Exxon has polluted Texans’ air, water, and communities for years. Texans are feeling the impacts of climate change more acutely than ever — drought, and most recently severe flooding. Let’s show that we’re through with Exxon’s pollution, deception, and greed.
Shareholders have all the evidence they need — Exxon has lied to them about the financial risks of climate change since 1977. Exxon robbed humanity of half a century’s worth of time to fight climate change, and their core business model relies on wrecking our communities and the climate.
Join us on May 25th to demand that shareholders like our state pension funds stop owning Exxon’s deception and destruction — we’re calling on them to divest.
HERE ARE THE DETAILS:
WHAT: Divest from Deception #ExxonKnew Rally WHEN: Wednesday, May 25, 2016 at 7:30 AM WHERE: Morton H. Meyerson Symphony Center – 2301 Flora St, Dallas, Texas 75201
Next month, Exxon shareholders will meet in Dallas — and regular Texans will be there too, to call out the company’s destruction and lies.
What does #ExxonKnew mean?
Big news broke last fall: Exxon knew about climate change in the 1970’s. Since then, new info has come to light showing they knew even earlier — half a century ago. They deceived the public, misled their shareholders, and robbed humanity of a generation’s worth of time to reverse climate change. Just as Big Tobacco lied about the risks of addiction and cancer, Exxon orchestrated a campaign of doubt and deception, making hundreds of billions at the cost of people’s lives — now it’s time for them to face the consequences.
#ExxonKnew is a call to hold them accountable and shine a light on this case of blatant fraud. A wide range of organizations and individuals have joined the effort calling on the U.S. Department of Justice and State Attorneys General to investigate Exxon, and others are urging their institutions to divest from Exxon. Click here for more.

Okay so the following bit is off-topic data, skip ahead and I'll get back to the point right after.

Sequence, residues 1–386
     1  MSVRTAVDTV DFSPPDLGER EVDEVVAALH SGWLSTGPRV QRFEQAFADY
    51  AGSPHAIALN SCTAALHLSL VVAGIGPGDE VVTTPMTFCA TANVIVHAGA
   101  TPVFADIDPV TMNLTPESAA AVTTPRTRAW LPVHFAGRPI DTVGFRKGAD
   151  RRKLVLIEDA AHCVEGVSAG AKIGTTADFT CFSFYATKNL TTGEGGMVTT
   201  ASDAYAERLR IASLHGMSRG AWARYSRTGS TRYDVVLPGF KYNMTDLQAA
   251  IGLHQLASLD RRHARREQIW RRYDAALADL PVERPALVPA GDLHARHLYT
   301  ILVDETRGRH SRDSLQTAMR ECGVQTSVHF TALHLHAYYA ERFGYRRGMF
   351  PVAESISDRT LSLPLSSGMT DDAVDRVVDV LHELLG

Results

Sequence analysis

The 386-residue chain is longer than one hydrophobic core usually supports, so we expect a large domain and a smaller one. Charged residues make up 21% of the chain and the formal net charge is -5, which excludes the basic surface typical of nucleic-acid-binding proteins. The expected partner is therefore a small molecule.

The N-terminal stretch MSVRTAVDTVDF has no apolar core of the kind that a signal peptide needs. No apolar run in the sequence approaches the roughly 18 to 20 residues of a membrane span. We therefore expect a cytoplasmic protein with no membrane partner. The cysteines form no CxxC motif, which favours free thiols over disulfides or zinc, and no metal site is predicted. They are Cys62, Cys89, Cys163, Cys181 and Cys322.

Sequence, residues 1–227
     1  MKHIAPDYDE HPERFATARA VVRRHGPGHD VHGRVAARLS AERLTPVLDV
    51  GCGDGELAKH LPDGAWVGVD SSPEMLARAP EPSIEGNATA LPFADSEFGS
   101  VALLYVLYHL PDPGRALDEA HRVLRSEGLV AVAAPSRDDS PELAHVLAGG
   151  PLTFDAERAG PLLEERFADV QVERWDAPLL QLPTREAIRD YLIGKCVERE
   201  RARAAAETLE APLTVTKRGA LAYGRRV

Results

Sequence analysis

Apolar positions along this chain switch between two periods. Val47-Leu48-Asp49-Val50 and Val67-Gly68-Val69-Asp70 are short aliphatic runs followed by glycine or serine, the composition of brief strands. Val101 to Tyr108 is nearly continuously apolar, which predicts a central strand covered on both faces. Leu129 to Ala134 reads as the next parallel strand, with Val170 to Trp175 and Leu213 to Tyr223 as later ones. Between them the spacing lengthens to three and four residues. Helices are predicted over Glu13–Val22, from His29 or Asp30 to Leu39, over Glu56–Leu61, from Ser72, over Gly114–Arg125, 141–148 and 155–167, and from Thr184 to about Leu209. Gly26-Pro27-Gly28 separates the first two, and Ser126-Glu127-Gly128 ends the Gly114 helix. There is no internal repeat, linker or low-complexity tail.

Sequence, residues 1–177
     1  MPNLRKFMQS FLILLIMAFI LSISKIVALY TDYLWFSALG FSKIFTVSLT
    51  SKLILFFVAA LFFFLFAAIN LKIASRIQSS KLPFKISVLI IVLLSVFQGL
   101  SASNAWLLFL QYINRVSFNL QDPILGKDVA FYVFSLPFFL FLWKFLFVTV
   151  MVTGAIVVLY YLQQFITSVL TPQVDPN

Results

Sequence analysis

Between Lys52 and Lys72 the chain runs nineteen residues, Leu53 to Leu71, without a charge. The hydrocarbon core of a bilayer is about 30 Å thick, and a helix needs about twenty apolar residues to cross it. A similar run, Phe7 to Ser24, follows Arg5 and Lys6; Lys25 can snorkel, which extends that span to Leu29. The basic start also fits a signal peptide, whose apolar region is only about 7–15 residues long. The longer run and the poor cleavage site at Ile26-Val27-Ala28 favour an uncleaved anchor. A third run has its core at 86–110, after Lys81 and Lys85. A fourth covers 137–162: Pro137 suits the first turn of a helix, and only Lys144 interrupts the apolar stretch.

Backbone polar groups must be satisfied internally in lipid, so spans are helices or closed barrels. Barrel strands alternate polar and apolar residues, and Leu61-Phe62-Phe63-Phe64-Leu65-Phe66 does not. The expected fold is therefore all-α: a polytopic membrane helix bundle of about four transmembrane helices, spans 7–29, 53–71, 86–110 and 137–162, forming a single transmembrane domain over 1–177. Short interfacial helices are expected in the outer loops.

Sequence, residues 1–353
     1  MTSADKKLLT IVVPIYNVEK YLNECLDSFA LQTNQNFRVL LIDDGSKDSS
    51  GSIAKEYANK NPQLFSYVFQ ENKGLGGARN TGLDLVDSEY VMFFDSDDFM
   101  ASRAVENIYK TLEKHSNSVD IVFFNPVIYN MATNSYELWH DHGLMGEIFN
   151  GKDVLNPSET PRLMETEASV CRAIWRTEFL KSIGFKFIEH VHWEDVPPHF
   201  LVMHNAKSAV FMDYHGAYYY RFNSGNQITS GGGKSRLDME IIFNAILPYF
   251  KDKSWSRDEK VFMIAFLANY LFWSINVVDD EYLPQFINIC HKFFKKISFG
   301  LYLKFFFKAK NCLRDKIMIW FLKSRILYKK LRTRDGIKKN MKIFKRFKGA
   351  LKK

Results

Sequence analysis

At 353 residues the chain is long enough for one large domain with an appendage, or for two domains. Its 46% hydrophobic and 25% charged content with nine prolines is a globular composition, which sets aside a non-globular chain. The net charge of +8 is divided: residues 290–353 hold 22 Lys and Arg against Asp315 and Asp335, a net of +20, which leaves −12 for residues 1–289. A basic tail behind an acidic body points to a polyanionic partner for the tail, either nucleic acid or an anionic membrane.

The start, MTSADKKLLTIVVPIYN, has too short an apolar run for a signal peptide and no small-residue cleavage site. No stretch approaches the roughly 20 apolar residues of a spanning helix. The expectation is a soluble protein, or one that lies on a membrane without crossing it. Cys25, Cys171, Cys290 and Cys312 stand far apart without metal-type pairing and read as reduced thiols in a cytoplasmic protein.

What are you hoping to achieve?
Our public institutions, like the state pension funds of Texas, New York, Vermont, and California, currently hold shares in Exxon. Many of them — plus the Securities & Exchange Commission (SEC) — have pushed resolutions urging Exxon to disclose the financial risks of climate change, as well as other climate resolutions. But so far, Exxon has stymied every effort on the part of shareholders to affect change within the company. Click here to Exxon’s 25 years of “no.”
Even if Exxon did agree to report on climate risk, shareholders won’t be able to change a business plan that is fundamentally incompatible with staying under the international target to stay under 2 degrees of warming.
Exxon’s core business model relies on wrecking our communities and the climate — and Exxon will not change it’s core business model. We want shareholders to see that engaging with the fossil fuel industry will not work: for the sake of people, planet, and pensioners, shareholders must divest.
What about shareholder engagement?
To avoid catastrophic climate change, we need to keep 80 percent of fossil fuels in the ground — and that means disrupting the fossil fuel industry’s core business model. Shareholder engagement cannot change the fossil fuel industry’s core business model, which relies on wrecking our communities and the climate. Here’s why we think shareholder engagement is not a worthwhile tactic: